It is time for an Indigenous commissioner

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    Recent incidents in the AFL have brought the way the League deals with Indigenous issues into the public domain. This is a season which should be making all sorts of football related headlines, not ones based on racism and mistrust.

    I’m not one to see conspiracies in everything, and I believe the AFL Commission does the right thing by the game most of the time. However, the game has at times come up short when it comes to handling matters involving Indigenous Australians.

    Whoever is at fault for the Matt Rendell and Mark Neeld scenarios, whether it be the AFL, Jason Misfud or unnamed sources, does not matter. The AFL’s handling of the situation has been abominable. Jason Misfud cannot be allowed to stay in his job as liaison to the Indigenous community. As Dean Rioli said last night, no one will go to him with an issue or a problem. After the Rendell issue, no one from the other side will talk to him now either.

    Two weeks ago, the panel on the Marngrook Footy Show suggested that it was time for an Indigenous commissioner. Later that week, it was again suggested by Martin Flanagan of The Age. At the time I still wasn’t sold on the issue as I don’t like the idea of commissioners being appointed to fill a quota or minimum requirement.

    You’d like them to be selected on merit and respect. However, with the AFL Commission proving it simply cannot deal with indigenous matters, I’ve since had a change of heart.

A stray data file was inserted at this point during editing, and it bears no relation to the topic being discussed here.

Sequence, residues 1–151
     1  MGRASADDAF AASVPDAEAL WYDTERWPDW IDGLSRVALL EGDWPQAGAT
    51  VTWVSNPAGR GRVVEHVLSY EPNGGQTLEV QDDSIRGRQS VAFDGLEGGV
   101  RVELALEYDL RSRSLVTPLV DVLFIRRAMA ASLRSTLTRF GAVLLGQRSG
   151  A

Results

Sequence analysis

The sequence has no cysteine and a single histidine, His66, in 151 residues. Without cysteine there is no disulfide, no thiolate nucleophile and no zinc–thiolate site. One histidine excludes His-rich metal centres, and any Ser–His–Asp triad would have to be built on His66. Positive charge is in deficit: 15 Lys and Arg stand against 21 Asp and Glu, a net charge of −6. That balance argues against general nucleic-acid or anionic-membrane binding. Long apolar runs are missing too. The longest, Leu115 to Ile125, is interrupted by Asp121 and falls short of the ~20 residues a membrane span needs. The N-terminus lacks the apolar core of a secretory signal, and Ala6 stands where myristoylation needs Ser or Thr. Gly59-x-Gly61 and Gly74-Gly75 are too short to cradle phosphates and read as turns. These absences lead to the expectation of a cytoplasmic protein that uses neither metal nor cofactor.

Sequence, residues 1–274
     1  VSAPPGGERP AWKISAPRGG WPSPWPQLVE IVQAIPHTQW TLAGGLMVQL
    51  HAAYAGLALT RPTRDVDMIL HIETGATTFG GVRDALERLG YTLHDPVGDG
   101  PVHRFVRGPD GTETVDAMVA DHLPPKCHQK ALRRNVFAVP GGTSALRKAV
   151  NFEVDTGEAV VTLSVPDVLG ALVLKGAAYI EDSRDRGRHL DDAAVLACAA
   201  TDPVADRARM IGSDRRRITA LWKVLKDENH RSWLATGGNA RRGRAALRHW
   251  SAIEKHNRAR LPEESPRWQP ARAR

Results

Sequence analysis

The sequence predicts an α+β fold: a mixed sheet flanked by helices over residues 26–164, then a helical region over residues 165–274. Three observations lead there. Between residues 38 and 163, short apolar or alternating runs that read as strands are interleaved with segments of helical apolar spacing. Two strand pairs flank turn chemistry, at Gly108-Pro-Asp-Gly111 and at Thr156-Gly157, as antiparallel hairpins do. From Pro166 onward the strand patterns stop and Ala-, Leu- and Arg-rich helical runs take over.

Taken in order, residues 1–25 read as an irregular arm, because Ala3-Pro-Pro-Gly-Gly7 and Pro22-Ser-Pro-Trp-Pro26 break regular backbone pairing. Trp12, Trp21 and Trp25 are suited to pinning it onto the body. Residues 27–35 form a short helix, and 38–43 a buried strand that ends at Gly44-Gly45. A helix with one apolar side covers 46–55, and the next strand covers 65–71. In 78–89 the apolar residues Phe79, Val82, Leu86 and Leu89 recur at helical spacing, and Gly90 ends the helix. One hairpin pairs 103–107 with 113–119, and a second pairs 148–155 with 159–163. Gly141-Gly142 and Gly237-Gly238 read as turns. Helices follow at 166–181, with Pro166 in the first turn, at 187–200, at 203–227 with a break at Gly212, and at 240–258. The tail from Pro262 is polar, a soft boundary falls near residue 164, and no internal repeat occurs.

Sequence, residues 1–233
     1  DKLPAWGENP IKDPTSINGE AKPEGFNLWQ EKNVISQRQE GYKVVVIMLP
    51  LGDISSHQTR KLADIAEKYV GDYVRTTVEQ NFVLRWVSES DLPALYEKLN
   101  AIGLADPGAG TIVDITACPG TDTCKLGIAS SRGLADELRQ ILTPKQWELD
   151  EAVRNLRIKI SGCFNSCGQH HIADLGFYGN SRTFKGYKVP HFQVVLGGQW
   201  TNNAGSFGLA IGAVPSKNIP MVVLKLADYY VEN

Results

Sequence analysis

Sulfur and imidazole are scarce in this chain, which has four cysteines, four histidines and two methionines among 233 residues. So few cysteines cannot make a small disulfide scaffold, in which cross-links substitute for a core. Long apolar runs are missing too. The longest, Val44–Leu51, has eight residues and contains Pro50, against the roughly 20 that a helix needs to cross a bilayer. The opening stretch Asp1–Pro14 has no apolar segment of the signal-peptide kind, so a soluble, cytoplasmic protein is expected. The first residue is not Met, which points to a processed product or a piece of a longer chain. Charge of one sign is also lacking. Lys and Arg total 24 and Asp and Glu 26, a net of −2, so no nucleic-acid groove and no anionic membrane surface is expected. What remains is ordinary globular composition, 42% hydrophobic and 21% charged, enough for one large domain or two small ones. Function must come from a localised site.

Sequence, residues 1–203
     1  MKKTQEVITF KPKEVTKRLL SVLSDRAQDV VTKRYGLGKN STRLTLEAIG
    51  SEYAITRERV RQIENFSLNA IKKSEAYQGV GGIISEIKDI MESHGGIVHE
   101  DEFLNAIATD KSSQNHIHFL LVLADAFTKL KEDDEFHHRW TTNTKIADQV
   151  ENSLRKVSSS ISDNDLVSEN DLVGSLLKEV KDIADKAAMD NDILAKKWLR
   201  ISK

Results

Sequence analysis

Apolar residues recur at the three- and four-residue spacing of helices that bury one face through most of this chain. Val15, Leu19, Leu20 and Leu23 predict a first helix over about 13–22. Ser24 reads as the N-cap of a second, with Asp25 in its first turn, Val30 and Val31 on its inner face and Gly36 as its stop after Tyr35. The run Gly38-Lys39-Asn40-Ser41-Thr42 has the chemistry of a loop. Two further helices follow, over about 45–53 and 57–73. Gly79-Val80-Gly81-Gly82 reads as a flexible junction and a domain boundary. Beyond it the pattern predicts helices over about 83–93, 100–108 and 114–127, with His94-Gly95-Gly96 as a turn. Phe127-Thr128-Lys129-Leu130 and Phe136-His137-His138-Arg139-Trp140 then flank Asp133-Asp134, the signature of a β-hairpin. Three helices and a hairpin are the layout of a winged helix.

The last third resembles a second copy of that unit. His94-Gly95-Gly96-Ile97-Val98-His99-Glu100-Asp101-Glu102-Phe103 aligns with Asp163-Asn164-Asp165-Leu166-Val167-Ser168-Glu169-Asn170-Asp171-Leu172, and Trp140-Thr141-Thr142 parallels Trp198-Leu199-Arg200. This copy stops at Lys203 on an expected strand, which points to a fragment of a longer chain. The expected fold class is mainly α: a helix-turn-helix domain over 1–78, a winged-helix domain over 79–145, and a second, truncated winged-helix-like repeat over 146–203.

Take for instance, the numbers of indigenous players that get into trouble or simply give up and go home, never to resurface in the AFL or even the football world. That has been highlighted this year by Andrew Krakouer and Liam Jurrah among others. Throw in the Rendell and Neeld incidents, and you can see that the AFL is failing to handle the situation in a proper and dignified manner.

    We need a commissioner who understands the cultural aspects of AFL football, has the respect of everyone involved in the game and has made it at the top level. There are three standout candidates for mine.

    Michael Long – four times St Marys premiership player in the Territory, West Torrens best and fairest winner for 1988 in the SANFL, twice AFL All Australian, twice Essendon premiership player and 1993 Norm Smith medallist. Long was inducted into the AFL Hall of Fame in 2007. Already a well known advocate of all things aboriginal in football, he has all of the above attributes. And the AFL is building an academy in the territory that bears his name. He would have to be considered a front runner.

    Micheal McLean – Originally recruited from Nightcliff in the Territory (where he played rugby league as well as Australian Football), McLean played 11 seasons in the VFL/AFL for both Footscray and the Brisbane Bears, where he won the best and fairest twice. McLean returned to Nightscliff as coach , before moving to the Queensland State League to coach Redland. Later he would coach the Southern Districts NTFL club to their first premiership. He is currently the head coach of the Northern Territory Thunder and was named to the Indigenous Team of the Century. He was key in starting the Indigenous All Stars concept.

    Andrew McLeod – originally recruited from Darwin by Fremantle, he was traded to Adelaide without playing a game, where he won two premierships, two Norm Smith medals, five All Australian awards (as captain in 2007), was named in the Indigenous team of the century, and was three times a member of the indigenous All Stars side. In 2011 he played for the Northern Territory Thunder, but only part time.

    Im sure there are others who could do the job, but in all honesty, Michael Long has to be a front runner for this. Then again, maybe the AFL will just sit on its hands until Adam Goodes retires.

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